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Review: The Temperance Movement/Peter Shoulder, The Boiler Shop Steamer, Summertime

Simon Rushworth enjoys another evening with The Temperance Movement ahead of the headline act at the Steamer's special event

The Temperance Movement
The Temperance Movement

The Temperance Movement might have opened up for The Rolling Stones this summer and rocked the masses at the 2014 Download Festival but the Anglo-Scots can always find time to revive their love affair with Newcastle and its myriad intimate music venues.

A fourth Tyneside show inside 16 months more than matched the standards of the previous three but this was, by some distance, the venue that best complemented a band for whom authenticity, ambition and a keen sense of history means so much.

Inside the very walls that gave birth to Robert Stephenson’s Rocket, The Temperance Movement raced through a stunning set rich in raw emotion and classic rock n roll. On track to complete album number two early next year there’s no stopping a band that’s always been destined for greatness.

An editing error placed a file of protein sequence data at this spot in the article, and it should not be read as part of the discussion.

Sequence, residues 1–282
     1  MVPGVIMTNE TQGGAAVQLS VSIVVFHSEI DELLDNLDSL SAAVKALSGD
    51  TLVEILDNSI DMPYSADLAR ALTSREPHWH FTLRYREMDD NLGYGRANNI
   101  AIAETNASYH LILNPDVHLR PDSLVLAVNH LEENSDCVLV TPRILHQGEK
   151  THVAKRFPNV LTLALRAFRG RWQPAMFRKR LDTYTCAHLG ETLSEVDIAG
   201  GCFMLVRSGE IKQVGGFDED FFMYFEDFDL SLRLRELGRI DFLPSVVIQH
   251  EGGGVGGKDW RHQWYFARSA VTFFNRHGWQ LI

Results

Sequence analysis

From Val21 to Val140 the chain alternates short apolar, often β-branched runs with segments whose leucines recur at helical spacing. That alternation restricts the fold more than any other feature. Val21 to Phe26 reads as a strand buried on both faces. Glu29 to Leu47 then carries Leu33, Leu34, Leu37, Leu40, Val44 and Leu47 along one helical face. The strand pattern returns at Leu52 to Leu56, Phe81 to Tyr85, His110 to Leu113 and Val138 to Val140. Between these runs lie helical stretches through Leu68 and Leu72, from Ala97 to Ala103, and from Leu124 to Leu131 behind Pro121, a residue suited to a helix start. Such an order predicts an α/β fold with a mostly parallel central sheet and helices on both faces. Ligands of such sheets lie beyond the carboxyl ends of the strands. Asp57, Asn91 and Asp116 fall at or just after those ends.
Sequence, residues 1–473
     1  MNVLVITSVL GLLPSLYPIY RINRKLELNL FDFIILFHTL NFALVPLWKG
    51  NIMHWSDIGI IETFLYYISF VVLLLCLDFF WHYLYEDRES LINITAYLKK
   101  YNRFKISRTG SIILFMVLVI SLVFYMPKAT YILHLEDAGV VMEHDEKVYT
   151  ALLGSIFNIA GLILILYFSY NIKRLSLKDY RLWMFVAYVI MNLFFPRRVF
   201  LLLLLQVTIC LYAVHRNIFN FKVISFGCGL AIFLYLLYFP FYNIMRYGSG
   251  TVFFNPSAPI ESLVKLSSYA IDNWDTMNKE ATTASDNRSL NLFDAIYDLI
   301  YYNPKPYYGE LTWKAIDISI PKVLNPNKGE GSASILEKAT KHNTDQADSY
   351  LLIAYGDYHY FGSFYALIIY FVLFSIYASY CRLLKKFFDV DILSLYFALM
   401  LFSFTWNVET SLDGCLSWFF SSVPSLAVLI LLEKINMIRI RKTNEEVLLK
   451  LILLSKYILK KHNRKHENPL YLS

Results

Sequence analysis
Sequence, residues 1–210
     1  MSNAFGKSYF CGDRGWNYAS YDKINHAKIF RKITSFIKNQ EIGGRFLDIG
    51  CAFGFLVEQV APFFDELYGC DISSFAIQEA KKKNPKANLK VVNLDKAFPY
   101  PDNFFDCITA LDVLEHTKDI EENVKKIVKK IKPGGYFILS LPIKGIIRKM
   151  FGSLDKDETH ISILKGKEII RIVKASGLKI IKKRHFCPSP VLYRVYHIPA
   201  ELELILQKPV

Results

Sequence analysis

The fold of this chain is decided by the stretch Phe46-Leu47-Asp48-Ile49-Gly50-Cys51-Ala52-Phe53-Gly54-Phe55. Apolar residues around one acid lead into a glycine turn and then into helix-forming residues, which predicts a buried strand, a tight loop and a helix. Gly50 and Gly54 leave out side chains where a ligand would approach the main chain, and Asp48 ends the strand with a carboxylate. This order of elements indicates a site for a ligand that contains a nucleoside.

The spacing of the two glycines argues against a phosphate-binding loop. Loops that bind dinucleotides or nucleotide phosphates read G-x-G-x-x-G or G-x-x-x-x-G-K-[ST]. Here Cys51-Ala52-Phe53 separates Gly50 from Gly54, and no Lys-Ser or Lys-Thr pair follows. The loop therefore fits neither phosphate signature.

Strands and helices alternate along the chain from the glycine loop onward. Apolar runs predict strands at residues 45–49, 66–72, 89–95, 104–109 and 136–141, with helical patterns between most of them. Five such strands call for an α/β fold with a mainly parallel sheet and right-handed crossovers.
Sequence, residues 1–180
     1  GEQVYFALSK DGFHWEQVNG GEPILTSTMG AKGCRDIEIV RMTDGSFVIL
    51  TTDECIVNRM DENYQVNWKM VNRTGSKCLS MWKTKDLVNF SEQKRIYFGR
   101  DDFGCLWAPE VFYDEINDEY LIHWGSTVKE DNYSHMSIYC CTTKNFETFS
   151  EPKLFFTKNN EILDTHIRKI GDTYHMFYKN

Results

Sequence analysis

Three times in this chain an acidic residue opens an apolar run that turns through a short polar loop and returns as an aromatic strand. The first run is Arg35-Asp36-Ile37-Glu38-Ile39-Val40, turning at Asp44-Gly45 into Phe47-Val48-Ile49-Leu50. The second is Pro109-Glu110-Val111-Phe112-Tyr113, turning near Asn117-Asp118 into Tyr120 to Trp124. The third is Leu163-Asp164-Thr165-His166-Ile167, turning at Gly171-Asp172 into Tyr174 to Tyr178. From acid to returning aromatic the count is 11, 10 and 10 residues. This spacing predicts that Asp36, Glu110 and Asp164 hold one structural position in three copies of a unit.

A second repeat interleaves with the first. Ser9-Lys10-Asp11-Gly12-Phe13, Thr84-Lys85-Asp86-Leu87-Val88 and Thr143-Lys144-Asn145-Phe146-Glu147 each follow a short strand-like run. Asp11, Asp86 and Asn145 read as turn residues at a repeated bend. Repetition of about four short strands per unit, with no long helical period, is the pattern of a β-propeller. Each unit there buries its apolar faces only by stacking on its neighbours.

By the time the headline act appeared, The Union’s Peter Shoulder had already treated his ‘home’ crowd to a tantalising solo set. Taking a break from his ‘day job’ – with Luke Morley back on the Thunder bandwagon and drummer Dave McCluskey touring the US with the Quireboys – the County Durham singer songwriter laid his talent bare in splendid isolation.

Shoulder’s voice has always been a joy to behold but this stripped down performance proved just how compelling it can be. Focusing on debut solo album Feathers And Rain, the denim-clad troubadour fought constant chatter and some alarming feedback to reinforce his reputation as a leader of the UK’s blues rock pack.

Yet not even the peerless Shoulder can keep pace with TTM right now. The band’s unrelenting progress shows no sign of slowing anytime soon with writing for album number two already well underway.

It may be less than a year since their self-titled debut dropped at number 12 on the UK album charts but the clamour for its follow-up is reaching fever pitch. New music has, unsurprisingly, been a feature of 2014 TTM shows but it’s testimony to the enduring quality of more familiar material that songs like Smouldering and Chinese Lanterns were the pick of a slow-burning set. The former, in particular, mesmerised old fans and new with Paul Sayer and Luke Potashnick whipping up a perfect storm.

The harmonious on-stage relationship enjoyed by TTM’s two guitarists must fill frontman Phil Campbell with supreme confidence and if the quirky Scot never looks entirely comfortable facing an expectant crowd his unmistakeable voice matched Shoulder’s for emotive delivery and convincing passion.

Simon Rushworth

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